MOBILE, Ala. – When Hurricane Katrina knocked out power to Lakeshia Watson’s public housing apartment, she opened a window.

An air conditioner fell out, and water damaged a mattress and clothing, said the 23-year-old tenant of Roger Williams Homes.

“It wasn’t bad,” she said. “It just was rain coming in.”

Watson called the Federal Emergency Management Agency and got $2,000 in emergency aid.

A bathroom ceiling partially collapsed in the modest house Thelma Robinson rents. A sofa in front of a fireplace got wet, as did other living room furniture, from the family opening the door to watch the hurricane.

“A lot of that rain came because we were just looking at the storm,” said Robinson, 35. “Not too much damage, but it messed up a lot of clothes.”

She collected $2,000 from FEMA.

Water leaked in through a window in Stacy Taylor’s government-subsidized apartment, damaging a television and VCR. She got $2,000 but was turned down for more money after a FEMA inspector visited.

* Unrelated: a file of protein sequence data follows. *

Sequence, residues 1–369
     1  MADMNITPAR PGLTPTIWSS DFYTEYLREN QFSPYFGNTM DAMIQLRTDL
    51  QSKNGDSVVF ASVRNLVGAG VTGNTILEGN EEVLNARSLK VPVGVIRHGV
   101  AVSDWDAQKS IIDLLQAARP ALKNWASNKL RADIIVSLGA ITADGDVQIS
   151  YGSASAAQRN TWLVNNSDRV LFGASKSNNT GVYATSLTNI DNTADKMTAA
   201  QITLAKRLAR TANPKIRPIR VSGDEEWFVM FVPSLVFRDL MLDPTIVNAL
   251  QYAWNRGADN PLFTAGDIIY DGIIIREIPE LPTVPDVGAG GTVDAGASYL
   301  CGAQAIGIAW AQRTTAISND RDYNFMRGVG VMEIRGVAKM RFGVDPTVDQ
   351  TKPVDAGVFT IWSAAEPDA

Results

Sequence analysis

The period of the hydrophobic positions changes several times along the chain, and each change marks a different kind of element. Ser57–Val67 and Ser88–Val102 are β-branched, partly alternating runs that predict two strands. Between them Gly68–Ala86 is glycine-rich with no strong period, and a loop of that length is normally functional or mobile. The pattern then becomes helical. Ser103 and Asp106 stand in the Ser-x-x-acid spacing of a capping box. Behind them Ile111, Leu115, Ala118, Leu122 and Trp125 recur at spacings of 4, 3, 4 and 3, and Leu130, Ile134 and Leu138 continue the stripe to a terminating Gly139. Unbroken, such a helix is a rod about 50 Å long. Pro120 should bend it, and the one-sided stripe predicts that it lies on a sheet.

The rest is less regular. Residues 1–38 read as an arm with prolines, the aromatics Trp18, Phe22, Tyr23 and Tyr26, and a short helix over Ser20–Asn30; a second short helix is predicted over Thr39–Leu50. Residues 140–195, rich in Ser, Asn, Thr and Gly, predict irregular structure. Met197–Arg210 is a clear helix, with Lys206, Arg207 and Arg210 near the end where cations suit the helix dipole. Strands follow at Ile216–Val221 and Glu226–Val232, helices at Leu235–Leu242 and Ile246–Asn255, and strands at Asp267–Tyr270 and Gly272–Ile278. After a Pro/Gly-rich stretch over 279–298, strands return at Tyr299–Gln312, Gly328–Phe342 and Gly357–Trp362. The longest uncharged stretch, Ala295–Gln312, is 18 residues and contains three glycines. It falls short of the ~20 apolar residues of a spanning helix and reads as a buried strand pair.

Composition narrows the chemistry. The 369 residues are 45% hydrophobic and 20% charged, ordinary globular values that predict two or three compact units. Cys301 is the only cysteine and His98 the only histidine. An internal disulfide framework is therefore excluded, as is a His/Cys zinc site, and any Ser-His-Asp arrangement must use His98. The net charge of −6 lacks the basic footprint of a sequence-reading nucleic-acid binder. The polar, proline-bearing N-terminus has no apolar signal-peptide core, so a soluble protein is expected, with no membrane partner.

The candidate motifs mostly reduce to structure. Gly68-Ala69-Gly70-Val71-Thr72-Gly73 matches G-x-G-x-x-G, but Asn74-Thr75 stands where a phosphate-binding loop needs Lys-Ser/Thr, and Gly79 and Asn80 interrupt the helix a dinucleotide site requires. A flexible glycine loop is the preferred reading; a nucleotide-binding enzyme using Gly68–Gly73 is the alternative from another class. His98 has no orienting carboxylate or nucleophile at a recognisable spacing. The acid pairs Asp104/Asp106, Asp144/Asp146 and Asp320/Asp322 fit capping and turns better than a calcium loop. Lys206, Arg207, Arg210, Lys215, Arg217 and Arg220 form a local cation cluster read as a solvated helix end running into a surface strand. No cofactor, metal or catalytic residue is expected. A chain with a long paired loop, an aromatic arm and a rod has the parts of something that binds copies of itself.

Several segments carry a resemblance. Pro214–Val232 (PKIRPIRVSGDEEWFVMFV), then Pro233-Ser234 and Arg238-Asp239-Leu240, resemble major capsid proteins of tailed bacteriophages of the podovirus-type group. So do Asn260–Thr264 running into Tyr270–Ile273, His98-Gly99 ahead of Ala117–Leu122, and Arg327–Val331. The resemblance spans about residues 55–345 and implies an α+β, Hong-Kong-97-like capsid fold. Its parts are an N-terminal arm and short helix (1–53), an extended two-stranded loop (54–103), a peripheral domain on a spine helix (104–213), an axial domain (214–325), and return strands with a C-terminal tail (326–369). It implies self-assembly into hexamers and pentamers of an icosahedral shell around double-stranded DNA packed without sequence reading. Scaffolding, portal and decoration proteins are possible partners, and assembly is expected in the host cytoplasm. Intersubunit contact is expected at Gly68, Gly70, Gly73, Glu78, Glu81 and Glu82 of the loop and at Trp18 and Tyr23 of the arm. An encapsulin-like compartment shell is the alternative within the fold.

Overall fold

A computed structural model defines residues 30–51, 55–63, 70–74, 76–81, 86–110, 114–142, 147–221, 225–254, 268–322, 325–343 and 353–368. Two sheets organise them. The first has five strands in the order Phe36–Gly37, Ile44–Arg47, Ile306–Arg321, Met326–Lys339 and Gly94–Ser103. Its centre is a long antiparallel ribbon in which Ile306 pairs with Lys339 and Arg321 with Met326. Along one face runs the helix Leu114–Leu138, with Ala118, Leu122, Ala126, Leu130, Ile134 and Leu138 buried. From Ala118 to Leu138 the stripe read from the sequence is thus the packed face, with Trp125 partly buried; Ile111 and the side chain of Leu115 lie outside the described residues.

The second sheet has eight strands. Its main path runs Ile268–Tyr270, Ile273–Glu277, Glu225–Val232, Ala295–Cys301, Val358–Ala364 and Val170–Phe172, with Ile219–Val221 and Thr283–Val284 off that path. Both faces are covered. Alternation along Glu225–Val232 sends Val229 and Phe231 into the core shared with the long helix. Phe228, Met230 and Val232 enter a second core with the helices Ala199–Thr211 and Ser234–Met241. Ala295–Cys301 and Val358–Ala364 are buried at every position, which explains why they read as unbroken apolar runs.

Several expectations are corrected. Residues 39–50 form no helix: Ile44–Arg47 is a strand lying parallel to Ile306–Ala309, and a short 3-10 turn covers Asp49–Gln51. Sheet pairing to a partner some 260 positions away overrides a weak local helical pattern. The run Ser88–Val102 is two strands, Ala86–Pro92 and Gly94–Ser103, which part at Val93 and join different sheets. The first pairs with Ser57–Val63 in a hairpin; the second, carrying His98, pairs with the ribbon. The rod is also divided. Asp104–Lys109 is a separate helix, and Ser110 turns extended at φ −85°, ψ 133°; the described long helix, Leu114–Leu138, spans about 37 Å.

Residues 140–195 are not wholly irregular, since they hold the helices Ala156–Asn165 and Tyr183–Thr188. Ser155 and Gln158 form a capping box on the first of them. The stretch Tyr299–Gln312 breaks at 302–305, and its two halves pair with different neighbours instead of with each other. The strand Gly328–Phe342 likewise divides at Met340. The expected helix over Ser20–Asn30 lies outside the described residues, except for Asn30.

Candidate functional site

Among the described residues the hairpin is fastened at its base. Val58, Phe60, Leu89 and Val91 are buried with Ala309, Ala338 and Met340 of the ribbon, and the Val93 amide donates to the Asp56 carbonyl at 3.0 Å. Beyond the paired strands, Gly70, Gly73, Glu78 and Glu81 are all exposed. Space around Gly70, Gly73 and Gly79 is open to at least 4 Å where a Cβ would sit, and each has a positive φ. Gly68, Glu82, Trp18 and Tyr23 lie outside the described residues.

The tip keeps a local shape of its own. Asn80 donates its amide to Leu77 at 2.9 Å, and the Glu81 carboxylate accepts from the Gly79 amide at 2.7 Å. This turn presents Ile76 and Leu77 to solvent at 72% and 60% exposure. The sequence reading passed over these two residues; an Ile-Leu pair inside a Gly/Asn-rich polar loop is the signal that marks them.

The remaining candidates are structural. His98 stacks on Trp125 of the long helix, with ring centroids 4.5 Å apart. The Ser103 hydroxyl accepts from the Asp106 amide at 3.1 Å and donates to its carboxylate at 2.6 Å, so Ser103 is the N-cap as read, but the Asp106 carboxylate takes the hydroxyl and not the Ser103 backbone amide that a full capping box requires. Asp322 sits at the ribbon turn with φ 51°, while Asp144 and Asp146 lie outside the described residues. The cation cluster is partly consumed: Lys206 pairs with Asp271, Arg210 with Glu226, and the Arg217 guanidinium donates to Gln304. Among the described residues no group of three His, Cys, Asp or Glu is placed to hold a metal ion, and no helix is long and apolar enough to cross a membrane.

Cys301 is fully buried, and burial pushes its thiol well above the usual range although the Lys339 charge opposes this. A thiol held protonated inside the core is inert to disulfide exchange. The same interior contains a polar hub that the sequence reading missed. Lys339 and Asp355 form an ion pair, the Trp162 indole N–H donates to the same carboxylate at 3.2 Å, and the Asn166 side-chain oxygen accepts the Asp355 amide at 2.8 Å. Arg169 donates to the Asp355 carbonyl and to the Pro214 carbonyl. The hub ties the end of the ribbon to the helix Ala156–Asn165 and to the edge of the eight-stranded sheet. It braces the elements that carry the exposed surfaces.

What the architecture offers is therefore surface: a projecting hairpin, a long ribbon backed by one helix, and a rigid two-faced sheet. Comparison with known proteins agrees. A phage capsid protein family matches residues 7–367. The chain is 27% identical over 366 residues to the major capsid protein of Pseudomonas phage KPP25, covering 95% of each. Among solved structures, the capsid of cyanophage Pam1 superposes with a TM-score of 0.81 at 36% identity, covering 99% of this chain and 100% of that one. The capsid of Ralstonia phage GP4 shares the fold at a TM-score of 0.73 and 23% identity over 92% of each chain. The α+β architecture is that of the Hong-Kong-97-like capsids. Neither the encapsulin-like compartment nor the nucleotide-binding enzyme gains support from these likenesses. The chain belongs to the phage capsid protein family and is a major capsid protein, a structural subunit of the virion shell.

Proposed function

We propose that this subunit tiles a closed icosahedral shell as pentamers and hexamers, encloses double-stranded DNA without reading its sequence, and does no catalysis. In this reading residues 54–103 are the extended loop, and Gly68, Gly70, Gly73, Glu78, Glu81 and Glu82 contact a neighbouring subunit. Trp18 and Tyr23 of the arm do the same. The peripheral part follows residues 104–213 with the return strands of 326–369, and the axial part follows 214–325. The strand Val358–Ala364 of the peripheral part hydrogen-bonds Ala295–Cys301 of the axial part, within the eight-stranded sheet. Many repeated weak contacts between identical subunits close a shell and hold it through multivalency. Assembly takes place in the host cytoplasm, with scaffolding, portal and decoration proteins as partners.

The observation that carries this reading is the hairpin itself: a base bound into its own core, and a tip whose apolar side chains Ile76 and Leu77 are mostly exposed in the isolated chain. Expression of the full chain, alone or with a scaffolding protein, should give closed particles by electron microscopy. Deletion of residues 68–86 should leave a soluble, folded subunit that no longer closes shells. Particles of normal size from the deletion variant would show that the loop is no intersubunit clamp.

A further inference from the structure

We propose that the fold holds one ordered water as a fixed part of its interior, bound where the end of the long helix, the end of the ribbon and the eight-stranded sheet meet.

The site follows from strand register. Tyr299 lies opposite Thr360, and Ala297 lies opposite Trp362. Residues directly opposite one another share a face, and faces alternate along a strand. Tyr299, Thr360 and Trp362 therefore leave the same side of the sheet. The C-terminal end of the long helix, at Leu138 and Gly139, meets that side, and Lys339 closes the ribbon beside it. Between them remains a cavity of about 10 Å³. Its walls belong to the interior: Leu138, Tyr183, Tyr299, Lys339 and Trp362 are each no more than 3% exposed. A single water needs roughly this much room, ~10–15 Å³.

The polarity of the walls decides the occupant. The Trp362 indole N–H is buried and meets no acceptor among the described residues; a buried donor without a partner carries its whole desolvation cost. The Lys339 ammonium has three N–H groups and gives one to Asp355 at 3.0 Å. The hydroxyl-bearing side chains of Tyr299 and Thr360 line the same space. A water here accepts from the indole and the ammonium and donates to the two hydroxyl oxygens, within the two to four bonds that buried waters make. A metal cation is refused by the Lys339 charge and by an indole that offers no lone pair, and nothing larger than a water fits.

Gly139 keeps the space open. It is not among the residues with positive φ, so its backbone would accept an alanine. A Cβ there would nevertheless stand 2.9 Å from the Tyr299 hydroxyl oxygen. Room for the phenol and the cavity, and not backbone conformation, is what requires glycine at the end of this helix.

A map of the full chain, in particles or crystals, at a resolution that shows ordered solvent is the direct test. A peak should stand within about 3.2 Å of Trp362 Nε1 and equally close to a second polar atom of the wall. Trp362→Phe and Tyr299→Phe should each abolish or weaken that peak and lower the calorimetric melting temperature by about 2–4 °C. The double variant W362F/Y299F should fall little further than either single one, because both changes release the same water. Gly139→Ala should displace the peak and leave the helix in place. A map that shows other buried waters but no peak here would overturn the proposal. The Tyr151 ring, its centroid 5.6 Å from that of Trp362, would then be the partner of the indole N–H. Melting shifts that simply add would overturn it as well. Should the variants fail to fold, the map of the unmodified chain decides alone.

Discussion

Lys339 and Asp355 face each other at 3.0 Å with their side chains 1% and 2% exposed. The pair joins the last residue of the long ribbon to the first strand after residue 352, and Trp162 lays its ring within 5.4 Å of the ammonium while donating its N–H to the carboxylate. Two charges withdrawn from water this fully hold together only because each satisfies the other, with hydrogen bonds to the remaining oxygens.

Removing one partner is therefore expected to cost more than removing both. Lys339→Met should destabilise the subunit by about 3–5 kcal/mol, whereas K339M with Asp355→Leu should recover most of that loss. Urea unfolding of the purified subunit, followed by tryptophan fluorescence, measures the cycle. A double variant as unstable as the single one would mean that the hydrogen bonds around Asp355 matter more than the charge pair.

“They said I didn’t have enough damage,” said Taylor, 21. “All I wanted them to do was pay for my TV and VCR.”

In Mobile County, on the eastern fringes of Katrina, at least 85,000 residents – more than half the total number of households – have applied for FEMA aid. The storm destroyed homes in waterfront communities including Bayou La Batre and Dauphin Island but damaged only about 1,700 residences overall, said Walt Dickerson, the county’s emergency management director.

In the first three weeks after the storm, more than 17,000 Mobile County applicants had collected the government’s $2,000 emergency payments meant for victims displaced by Katrina.

At disaster relief centers, on front porches and in the streets, talk turned to what to say when calling FEMA.

“I heard if you said the right thing on the phone – you had to evacuate, you didn’t stay – they were giving people $2,000,” said Melissa Toney, 37. “They gave you money over the phone. What kind of mess was that?”

Toney said she did not get the $2,000. “I’m trying to figure out what did I say wrong?”

So many Mobile residents got disaster aid after the 2003 storm that caused only minor damage that the county’s emergency management director at the time wrote to the head of FEMA, “Something is wrong.” The money kept coming, ultimately reaching $29.5 million.

After Ivan, which inflicted less damage on Mobile than Katrina, FEMA gave out $56.1 million to more than 28,000 applicants.

Authorities have received more than 200 reports of Katrina fraud in Mobile County.


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